The charity responds to Labour Party’s pledge for ‘new’ approach to neighbourhood safety

It has been almost 40 years since the first Neighbourhood Watch was set up in the UK. Back then, it was cups of tea in neighbours’ houses and meetings in village halls.

Today those original members and traditional ways of engaging with neighbours remain a vital part of Neighbourhood Watch – but a whole new generation has come on board, bringing with them more agile and varied ways of connecting communities and preventing crime.

There was a surge in households joining Neighbourhood Watch during the pandemic. Research from Go Compare shows that the most significant increase in those joining Neighbourhood Watch schemes were from younger age groups. It found a 14 per cent rise in those aged 25 to 34 and a 10 per cent increase in homeowners aged 35 to 44 signing up in 2020. 

As a grassroots charity, connecting with neighbours face-to-face will always be the heart and soul of how the charity operates. But now, the charity is taking full advantage of digital ways to connect volunteers and communities. Neighbourhood Watch volunteers can connect with others across the country to share inspiration and ideas through a new digital online Neighbourhood Watch Knowledge Hub. Last year the charity delivered over 1,200 hours of virtual online training on crime prevention, diversity and inclusion, communication skills and more to their volunteers. This year, new volunteers can opt-in to receive even more training online to enhance their knowledge and skills.    

As referenced in recent media, antisocial behavior (ASB) is still a massive issueASB incidents have increased over the last three years with 45% of people say ASB is a problem where they live and 43% say it has affected their mental health*. Neighbourhood Watch have and will always work to reduce ASB in their local communities. This October the charity is launching a digital ASB awareness campaign backed with information on recognising, recording and reporting ASB on their website and a webinar with specialist ASB charities.

Neighbourhood Watch groups are no longer restricted to the streets in which they live.  ‘Cover Watches’ using social media channels such as Whatapp and Facebook can serve whole towns and cities. Communities are not limited to geographic location; they can also be groups of people sharing the same interest or looking to bringing about change, such as a student campus, faith group or those passionate about tackling climate change. Interest groups such as these, as well as organisations, such as Deliveroo and AirBnb, are becoming ‘affiliate members’ of Neighbourhood Watch, enabling the charity to engage with people where they are.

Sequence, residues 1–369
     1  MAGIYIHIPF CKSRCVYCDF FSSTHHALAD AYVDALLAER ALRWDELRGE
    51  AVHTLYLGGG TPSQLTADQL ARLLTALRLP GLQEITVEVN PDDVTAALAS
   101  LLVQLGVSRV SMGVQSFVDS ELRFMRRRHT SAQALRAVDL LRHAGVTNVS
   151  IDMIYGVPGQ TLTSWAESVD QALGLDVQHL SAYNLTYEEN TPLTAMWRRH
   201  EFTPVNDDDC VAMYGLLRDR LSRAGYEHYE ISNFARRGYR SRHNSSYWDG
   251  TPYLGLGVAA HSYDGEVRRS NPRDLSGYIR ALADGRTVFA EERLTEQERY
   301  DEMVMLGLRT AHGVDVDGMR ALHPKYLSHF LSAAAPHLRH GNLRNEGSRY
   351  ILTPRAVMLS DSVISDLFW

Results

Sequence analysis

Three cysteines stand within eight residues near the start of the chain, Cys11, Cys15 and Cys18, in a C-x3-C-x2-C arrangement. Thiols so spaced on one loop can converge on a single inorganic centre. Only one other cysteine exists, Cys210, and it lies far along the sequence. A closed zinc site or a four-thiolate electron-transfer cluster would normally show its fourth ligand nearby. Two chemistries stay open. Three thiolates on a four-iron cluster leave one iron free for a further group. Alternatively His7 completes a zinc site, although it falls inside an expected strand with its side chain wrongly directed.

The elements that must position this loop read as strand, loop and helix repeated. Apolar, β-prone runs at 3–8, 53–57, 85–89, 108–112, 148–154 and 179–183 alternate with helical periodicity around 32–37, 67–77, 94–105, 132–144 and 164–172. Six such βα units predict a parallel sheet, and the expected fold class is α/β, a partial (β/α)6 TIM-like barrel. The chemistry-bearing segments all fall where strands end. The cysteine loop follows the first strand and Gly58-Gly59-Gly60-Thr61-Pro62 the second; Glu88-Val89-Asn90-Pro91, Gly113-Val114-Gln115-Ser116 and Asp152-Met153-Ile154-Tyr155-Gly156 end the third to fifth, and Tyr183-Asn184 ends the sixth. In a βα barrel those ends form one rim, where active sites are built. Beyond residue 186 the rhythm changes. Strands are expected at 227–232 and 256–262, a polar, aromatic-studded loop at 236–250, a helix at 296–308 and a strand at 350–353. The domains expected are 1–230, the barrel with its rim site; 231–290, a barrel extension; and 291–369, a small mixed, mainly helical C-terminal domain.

Cybercrime is now more of a threat than physical crime for a rising number of households across England and Wales. Neighbourhood Watch volunteers can play an integral part in preventing cybercrime and fraud at a local level through the Communities the Care programme or the Cyberhood Watch initiative, jointly run by Neighbourhood Watch and Avast.  

The charity’s national digital campaigns on issues such as cybercrime, dog theft and burglary are not only challenging policymakers and politicians but receiving the support of young Neighbourhood Watch supporters. Over 1.3 million people visited their website last year, with four times as many 18 – 24-year-olds visiting their website, compared to the previous year. The charity has over 27,000 new social media followers than at the start of the pandemic.

The ‘next-generation Neighbourhood Watch’ is already here, bringing communities together and helping to prevent crime using new technology in an increasingly digital world, whilst ensuring that those for whom this may not be an option are not left behind.

*Data source: Taking Back our Communities - working together to make communities safer report, commissioned in 2021 by RESOLVE, a Centre of Excellence solely focused upon community safety and antisocial behaviour


For more information, contact Deborah Waller on 07495 415380 or

Notes to Editor

  1. Spokespeople are available for interview and comment regarding this story. Email:
  2. Neighbourhood Watch has over 90,000 coordinators and 2.3-million-member households in England and Wales
  3. More information about Neighbourhood Watch, including how to join or register a scheme, is available at
  4. Neighbourhood Watch Network can be found on, Twitter:, Instagram:,